This time around, it didn’t help that initially the Fed said it believed inflation would be “transient,” but that was before Russia’s war on Ukraine.
Yet investors continued to expect them to pull back. Among the reasons for the rebound in equities was the belief that the Fed would be quick to pause or significantly slow the pace of interest rate hikes, especially with the stock market down more than 20%.
“The Fed is not going to pivot on market reaction,” says Jim Masturzo, partner and chief investment officer of multi-asset strategies at Research Affiliates, based in Newport Beach, Calif. “They have a goal and they are going for it.”
That doesn’t mean the stock market won’t experience more rallies in the coming months, but as long as the Fed remains in aggressive tightening mode, investors should be mindful that the bear market may persist.
“One of the lessons of the third quarter is that the Fed isn’t coming to the rescue of the stock market,” Sosnick agrees. “And another lesson is that bear market rallies are short, sharp and fierce.”
Against this backdrop, Sosnick warns that “buying the dips” will be a treacherous short-term strategy. “When there’s not that flow of money (from the Fed and other central banks) coming into the market, buying the dips becomes a lot trickier.”
Stay invested and stay diversified
It’s easy for investors to become disillusioned when the markets make a big dent in a financial plan.
This is especially the case in a year like this when most asset classes have suffered setbacks, making it difficult to find cover anywhere. In particular, bond investments have failed in their traditional role of providing a safe haven in the face of a stock market downturn. In fact, during the third quarter, many parts of the bond market posted larger declines than stocks.
But by maintaining a diversified portfolio of different asset classes, sectors, regions and style characteristics, investors can mitigate their losses and position themselves to benefit from changing conditions.
“Diversification continues to be important,” says Kapyrin of RegentAtlantic.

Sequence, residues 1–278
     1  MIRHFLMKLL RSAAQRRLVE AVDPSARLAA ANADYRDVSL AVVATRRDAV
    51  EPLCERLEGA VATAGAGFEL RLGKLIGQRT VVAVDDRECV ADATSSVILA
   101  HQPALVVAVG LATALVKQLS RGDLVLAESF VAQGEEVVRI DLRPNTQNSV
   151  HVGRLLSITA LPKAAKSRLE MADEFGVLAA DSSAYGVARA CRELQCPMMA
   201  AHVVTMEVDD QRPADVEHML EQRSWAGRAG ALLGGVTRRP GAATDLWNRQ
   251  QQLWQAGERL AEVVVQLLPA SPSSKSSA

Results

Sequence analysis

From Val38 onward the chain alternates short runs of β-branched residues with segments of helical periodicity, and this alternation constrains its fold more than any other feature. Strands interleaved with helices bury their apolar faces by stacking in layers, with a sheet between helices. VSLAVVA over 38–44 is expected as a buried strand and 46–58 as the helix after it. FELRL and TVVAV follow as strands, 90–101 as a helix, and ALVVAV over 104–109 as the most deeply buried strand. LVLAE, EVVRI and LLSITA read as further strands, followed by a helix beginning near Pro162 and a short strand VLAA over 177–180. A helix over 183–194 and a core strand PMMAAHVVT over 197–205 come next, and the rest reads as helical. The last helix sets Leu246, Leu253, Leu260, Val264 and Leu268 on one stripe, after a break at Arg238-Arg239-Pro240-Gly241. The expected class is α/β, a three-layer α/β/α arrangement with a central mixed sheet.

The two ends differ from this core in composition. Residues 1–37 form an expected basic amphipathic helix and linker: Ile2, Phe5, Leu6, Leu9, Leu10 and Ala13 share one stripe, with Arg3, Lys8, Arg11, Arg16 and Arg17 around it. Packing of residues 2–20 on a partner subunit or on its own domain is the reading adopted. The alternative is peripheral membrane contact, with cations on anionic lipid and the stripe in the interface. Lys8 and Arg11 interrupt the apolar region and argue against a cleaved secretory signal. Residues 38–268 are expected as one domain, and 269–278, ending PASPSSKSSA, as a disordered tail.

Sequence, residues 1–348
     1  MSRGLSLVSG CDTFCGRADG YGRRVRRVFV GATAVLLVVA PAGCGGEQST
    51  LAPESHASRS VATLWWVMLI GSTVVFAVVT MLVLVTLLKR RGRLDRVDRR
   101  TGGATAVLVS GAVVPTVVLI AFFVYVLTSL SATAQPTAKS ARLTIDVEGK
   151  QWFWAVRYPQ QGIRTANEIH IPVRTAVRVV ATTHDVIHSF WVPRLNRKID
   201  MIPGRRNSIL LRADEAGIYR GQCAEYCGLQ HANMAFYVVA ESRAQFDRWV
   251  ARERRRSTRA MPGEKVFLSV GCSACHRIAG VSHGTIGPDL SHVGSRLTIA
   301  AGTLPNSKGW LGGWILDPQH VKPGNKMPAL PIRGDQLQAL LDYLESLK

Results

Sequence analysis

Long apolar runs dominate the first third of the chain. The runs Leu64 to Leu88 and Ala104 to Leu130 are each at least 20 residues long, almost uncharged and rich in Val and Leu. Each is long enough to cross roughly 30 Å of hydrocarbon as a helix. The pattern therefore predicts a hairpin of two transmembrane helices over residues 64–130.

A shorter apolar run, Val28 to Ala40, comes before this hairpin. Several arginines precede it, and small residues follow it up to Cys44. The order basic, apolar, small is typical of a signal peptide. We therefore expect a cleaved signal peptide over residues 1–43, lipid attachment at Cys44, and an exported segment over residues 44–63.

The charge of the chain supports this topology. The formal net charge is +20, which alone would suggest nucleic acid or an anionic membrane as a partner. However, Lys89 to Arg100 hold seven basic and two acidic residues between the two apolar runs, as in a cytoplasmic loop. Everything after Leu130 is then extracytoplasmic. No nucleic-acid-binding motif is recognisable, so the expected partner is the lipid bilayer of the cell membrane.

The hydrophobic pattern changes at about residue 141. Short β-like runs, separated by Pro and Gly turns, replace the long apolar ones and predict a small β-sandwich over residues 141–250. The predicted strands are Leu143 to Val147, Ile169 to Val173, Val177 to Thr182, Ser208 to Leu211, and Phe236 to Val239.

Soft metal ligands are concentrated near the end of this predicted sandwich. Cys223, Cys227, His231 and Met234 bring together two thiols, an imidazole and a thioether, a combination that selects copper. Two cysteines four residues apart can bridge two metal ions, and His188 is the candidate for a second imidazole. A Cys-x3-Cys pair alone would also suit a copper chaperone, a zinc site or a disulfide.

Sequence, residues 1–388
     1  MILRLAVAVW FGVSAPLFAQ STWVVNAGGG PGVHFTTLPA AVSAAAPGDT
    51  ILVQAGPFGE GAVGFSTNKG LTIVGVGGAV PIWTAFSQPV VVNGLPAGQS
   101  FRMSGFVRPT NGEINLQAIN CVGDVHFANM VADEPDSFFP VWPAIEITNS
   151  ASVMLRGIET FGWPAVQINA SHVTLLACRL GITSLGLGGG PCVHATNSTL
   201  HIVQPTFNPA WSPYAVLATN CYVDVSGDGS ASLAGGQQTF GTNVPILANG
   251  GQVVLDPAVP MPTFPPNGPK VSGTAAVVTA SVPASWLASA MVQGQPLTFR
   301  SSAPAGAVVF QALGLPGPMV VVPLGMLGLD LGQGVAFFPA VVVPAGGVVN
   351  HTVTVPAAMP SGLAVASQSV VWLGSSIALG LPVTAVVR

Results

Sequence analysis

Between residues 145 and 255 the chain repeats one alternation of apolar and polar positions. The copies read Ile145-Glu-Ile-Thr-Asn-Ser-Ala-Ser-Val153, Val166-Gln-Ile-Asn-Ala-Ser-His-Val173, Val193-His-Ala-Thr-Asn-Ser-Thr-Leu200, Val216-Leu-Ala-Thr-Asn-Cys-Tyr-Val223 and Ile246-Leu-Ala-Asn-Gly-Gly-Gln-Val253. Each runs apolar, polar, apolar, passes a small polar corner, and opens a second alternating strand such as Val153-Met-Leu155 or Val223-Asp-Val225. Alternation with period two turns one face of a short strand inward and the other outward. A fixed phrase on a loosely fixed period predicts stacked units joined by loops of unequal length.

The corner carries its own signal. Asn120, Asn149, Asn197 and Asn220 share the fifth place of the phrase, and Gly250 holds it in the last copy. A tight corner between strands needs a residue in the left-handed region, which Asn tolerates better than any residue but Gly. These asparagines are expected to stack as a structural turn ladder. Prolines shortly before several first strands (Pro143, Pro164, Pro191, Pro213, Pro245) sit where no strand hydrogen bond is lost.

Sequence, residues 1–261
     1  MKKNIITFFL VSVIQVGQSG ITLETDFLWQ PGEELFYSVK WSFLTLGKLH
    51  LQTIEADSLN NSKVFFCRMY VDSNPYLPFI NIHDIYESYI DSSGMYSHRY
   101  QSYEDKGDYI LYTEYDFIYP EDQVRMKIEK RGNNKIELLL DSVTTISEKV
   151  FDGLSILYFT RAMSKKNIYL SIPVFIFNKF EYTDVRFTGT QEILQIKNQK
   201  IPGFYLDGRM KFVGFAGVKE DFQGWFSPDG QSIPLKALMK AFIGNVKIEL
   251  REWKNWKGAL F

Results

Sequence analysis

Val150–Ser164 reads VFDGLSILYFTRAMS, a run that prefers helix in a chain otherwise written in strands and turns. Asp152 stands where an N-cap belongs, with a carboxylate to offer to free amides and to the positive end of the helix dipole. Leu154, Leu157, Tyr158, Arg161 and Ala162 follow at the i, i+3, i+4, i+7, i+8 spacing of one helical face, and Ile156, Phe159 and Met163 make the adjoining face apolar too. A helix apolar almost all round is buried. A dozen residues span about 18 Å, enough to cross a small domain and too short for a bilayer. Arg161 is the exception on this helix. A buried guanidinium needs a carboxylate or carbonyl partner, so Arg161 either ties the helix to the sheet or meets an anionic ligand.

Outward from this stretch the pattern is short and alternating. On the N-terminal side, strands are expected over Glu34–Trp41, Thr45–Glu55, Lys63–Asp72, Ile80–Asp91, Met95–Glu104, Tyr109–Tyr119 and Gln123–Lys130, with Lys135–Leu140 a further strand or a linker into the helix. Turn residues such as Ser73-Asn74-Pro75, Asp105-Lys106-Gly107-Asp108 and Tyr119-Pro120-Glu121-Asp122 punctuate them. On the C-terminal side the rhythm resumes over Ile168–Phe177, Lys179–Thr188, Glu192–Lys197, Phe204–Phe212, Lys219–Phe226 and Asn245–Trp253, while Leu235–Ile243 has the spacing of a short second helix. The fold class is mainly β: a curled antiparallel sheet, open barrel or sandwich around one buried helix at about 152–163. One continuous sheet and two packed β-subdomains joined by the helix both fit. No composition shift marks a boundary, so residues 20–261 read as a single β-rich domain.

And now is definitely not the time to pull out of the market. Just be sure to consider your investment strategy, time horizon, and market conditions.
“Trust the fundamental value of your investments and look beyond the volatility,” says Scott Clemons, chief investment strategist for the private banking division of Brown Brothers Harriman. “If you’re comfortable with your strategic asset allocation, then buckle up and go for it. For long-term investors, buying low makes sense.
With that in mind, many market strategists see value for long-term investors in the bond market, even though they might be vulnerable to short-term losses.
Now that 10-year Treasury yields are approaching 4%, “long bonds are something every investor should start thinking about,” says Research Affiliate’s Masturzo.
RegentAtlantic’s Kapyrin also focuses on the fixed income market.
“For the first time in a generation, the rate of return on fixed income products is very good,” he says. “Investors have options.”
At the same time, the experience of the last three months shows that sometimes the rules of thumb in the market—as bonds will move in the opposite direction of equities—is a sign that for some portfolios, a broader definition of diversification may be needed.
The diversification lesson of this period, says Masturzo, comes with a twist.
“US stock and bond portfolios are not enough diversification,” he says. Investors, he suggests, should add commodities, inflation-protected Treasuries, real estate and non-US assets.